The clinic, owned and operated by nationally-known late-term abortionist Martin Haskell had been engaged in a long-running licensing dispute with the Ohio Department of Health, which had acted to revoke its facility license due to failure to meet licensing requirements that mandated abortion facilities maintain a local hospital transfer agreement or a approved agreement with back-up physicians that could provide hospital care to patients since no abortionist on staff with the Women’s Med Center of Dayton held such privileges, including Haskell.
Those facts are not in dispute.
Operation Rescue stands by its claim that a license was granted due to Acton secretly working with the Women’s Med Center of Dayton to circumvent the abortion license revocation after the Ohio Supreme Court announced it would not hear Haskell’s appeal of a State Appellate ruling that cleared the way for the ODH to revoke the facility license.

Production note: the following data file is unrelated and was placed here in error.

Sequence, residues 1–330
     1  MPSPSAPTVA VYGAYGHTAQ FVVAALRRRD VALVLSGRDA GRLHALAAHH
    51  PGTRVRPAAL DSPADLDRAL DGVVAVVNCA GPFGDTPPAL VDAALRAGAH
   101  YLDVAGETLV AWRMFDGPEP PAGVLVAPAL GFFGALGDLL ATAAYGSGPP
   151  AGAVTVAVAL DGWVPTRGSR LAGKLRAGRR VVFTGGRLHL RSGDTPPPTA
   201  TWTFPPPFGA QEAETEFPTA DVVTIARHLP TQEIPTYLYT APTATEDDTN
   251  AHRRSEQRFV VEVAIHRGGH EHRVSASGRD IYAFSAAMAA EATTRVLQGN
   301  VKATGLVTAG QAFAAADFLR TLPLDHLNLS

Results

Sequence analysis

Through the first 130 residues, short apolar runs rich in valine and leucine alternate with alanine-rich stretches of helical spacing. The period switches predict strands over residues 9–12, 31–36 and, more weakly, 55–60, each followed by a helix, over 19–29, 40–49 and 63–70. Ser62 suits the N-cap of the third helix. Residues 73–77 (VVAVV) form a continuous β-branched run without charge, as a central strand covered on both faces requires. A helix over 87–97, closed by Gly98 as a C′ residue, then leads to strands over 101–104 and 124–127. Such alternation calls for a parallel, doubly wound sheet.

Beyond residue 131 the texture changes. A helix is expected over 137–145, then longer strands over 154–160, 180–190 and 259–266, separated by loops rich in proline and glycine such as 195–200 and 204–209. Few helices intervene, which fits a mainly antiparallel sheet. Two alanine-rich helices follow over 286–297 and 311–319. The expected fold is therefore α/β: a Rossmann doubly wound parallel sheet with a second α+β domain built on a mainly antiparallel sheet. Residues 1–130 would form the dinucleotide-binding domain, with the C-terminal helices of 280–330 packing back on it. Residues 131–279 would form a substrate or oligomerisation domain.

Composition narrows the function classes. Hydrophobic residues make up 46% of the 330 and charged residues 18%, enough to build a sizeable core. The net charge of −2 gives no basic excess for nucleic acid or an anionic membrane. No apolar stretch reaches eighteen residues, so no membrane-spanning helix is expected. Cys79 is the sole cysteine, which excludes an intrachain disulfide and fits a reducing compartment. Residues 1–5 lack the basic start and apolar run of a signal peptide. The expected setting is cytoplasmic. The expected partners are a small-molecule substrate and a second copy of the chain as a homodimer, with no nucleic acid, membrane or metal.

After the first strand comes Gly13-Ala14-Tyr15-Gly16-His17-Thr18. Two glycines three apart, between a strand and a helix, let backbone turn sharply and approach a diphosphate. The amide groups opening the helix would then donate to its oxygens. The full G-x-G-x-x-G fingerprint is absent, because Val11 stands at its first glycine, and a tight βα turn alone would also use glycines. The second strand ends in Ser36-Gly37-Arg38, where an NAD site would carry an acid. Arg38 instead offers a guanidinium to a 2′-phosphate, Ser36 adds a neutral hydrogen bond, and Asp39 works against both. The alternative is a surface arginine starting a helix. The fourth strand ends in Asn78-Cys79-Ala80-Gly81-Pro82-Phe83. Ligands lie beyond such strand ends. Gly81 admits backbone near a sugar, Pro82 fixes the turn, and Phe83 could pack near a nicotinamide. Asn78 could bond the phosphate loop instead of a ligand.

A timeline with links to documents is presented here to help clear up the confusion.
- March 29, 2019: State Appeals Court rules against Plaintiff Women’s Med Center of Dayton, clearing the way for abortion license revocation. (Ruling.)
- June 26, 2019: Women’s Med Center of Dayton submits an agreement with three back-up physicians and requests it be used to grant a variance from the hospital transfer requirement. That agreement was not accepted.
- August 21, 2019: Ohio Supreme Court refuses to hear an appeal of the March 29, 2019, ruling.